All in all this has been a bad few days for us fans of FC Hotspur of Tottenham, or whatever the inevitable spin-off movement will be called once our heroes have moved off to Stratford, or Geneva, or the moon. One point for our lot, but wins and goals galore for the other Top Four-ites (bar Man City, sunk by Darren Bent, most entertainingly) means that the 50th anniversary of the Double won’t end in a Disney-esque finale with Ledley emulating the great Danny Blanchflower, hoisted aloft team-mates’ shoulders, gleaming trophy in his mitts. Unless we win the Champions League I suppose. Wonderful though it was to see a late, late equaliser, once the roar of approval had died down it fairly swiftly became evident that one point was not enough from this sort of generic Away-To-Mid-Table-Side fixture. In fact, even three points would not really have been enough; what we need right now is a win so magnificent that the FA in their wisdom spontaneously award us ten points. Failing that, or the only marginally more plausible scenario of, say, a ten-game winning streak, I think it is safe to put the Title dream to bed, and those who fancy can now also officially enter Panic Mode with regard to qualification for next year’s Champions League.Close, But Cigars Conspicuously Absent
The Geordie mob’s current boss Alan Pardew (a former Spur, as you Intertoto Cup aficionados will recall) threw quite a few compliments in our direction post-match, sounding very much like one taken aback by quite how slick our passing and movement is these days. All very charming stuff, the sort of football a young lady would introduce to her parents without any qualms about ill behaviour, but when it come to the muckier business of getting down and dirty our heroes again fell short, leaving the frustrated grumbles about towering behemoth strikers to continue.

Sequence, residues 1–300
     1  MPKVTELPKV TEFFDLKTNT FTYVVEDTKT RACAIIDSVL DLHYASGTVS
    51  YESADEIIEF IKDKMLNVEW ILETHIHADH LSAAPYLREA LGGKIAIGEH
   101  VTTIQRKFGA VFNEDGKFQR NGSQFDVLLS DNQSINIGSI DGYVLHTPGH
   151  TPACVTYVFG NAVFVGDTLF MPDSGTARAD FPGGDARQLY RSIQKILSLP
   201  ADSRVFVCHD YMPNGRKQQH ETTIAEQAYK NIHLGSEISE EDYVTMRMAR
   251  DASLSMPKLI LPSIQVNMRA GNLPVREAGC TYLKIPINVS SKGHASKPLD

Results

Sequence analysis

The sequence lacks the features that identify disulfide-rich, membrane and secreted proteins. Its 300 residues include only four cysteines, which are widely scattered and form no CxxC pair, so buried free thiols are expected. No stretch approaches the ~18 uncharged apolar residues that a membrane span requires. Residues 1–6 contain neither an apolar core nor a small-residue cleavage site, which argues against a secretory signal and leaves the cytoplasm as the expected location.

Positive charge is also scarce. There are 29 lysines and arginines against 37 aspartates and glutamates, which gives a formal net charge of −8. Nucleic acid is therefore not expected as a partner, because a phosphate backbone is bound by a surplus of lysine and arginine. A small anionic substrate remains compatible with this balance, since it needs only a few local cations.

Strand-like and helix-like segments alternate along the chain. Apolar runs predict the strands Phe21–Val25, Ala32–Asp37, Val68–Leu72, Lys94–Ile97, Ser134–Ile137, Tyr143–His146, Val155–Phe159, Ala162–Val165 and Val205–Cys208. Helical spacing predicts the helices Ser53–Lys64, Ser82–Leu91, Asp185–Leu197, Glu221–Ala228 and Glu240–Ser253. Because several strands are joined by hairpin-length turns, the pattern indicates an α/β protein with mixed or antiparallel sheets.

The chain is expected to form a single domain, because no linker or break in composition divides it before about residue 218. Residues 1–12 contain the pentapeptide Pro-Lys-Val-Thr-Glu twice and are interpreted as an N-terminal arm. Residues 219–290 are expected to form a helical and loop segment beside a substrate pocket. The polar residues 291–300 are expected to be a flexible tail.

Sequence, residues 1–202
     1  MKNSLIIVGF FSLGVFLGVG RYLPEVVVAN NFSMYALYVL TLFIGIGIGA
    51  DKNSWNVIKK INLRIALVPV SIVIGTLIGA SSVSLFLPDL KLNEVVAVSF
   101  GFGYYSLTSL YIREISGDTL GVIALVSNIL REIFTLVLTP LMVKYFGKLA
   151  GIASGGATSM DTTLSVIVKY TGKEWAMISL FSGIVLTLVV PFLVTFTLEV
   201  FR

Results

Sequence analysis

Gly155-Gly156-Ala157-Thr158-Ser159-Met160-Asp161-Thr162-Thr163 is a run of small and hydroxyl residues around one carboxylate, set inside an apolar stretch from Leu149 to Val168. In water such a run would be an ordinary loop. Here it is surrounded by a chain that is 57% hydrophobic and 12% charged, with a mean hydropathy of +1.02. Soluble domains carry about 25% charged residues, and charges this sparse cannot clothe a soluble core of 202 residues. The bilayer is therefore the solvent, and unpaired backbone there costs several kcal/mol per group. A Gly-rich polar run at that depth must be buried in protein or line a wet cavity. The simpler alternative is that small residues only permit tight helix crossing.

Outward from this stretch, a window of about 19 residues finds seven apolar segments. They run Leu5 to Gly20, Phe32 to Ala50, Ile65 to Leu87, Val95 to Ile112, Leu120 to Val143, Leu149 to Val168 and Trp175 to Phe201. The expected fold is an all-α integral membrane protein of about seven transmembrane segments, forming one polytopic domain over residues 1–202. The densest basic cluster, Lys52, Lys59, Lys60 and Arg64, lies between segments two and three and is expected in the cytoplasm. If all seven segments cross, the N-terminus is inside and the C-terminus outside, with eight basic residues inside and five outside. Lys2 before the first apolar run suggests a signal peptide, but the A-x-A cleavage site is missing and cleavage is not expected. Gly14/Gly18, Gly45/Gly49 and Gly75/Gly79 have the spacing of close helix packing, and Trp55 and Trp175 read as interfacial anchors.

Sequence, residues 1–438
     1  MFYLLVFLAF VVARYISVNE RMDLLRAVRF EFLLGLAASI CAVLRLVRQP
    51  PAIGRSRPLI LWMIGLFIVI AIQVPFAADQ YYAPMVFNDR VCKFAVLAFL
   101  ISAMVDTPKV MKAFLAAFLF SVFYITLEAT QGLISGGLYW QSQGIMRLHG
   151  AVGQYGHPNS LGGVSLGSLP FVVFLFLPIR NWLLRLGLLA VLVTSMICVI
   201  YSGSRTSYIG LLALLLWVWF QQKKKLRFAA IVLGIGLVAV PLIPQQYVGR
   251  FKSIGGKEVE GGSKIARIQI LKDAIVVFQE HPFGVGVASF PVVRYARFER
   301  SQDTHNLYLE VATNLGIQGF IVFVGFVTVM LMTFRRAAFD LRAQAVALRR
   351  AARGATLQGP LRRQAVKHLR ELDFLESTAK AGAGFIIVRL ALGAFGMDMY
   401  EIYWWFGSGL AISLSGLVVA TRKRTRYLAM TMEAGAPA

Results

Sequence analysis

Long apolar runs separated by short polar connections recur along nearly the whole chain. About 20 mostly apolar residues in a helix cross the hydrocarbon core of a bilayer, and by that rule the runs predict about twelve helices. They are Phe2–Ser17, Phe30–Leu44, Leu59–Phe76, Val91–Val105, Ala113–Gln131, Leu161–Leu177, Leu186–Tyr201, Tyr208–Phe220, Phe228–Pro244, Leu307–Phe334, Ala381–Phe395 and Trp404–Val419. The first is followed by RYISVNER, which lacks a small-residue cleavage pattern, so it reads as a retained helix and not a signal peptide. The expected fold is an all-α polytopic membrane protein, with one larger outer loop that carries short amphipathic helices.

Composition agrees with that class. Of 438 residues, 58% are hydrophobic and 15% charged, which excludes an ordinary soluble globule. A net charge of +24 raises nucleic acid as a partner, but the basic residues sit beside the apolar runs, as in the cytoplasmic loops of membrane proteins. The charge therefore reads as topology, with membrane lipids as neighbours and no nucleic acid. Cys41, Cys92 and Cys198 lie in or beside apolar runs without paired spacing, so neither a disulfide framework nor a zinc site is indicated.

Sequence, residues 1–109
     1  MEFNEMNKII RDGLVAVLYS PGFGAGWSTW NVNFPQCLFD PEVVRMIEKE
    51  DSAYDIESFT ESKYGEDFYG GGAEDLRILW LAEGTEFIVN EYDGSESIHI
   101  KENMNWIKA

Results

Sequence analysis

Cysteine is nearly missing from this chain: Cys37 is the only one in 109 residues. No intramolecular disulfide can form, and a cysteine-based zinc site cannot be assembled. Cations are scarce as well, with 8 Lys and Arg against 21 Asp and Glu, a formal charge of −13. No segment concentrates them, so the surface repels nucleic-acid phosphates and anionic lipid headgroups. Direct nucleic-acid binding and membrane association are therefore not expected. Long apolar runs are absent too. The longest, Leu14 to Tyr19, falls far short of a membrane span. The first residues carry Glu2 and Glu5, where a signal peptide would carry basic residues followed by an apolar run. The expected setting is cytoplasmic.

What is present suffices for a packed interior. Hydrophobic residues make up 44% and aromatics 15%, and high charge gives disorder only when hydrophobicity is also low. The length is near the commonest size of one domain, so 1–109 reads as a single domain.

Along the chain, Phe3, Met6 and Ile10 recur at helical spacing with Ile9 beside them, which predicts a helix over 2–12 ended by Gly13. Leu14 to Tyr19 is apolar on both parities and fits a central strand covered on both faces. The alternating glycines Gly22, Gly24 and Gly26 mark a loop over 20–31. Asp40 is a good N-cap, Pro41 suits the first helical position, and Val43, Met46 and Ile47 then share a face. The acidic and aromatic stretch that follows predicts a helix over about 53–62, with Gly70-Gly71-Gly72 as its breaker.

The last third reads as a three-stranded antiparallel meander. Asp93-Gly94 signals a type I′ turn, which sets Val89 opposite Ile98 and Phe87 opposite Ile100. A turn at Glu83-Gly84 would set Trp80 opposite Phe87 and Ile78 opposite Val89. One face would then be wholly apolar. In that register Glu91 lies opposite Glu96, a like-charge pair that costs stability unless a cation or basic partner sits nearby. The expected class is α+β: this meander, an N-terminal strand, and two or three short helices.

Back Problems: Not Uncommon
My lovely Nan, God bless her soul, was not Welsh, did not possess the lungs of a particularly energetic racehorse and in all probability was not left-footed, but one thing she did have in common with young Master Bale was a troublesome back. One fervently hopes that Bale’s affliction is a lot less severe than the osteoporosis that ultimately left her unable to master the right-foot-left-foot routine, but barely had the game begun before he was contorting his curious visage into all manner of winces and grimaces. Aside from the brow-furrowingly worrying longer-term implications, this also put to waste a jolly good plan to raid Newcastle down their right, where they were tucking in and keeping things narrow. Curses.
Elsewhere On The Pitch
On a brighter note, Steven Pienaar demonstrated that he has sneakily spent the last 18 months or so perusing the book of Lovely Little One-Touch Passes and Neat Triangles that has become essential reading for anyone wishing to join the technique-fest that is the Tottenham midfield. The chap had a relatively quiet debut, but he appears to have taken to the Tottenham way as if to the manor born. Next door to him Modders’ star shone brightly as ever, and Defoe’s pace and movement offered more threat than Crouch has in recent weeks, but he fairly promptly undid any good work by spurning our best chances.
There were however some jolly worrying signs at the back. Daws appeared strangely discombobulated by a fairly standard aerial bombardment, while Cudicini’s mishandling of the goal was the worst of a couple of errors, and Hutton got himself into a pickle that lasted from just about first whistle to last.
Mercifully, cometh the 90th minute, cometh the man. Aaron Lennon is turning the Crucial Late Goal into something of an art-from, if one can describe a blur of skippy tip-toes and frantic jazz-hands as “art”. No doubt that we deserved a point, but that is hardly the stuff of which a top four finish is made. Alas, with that Awesome Striker-shaped hole still very much evident in our line-up the odds are lengthening.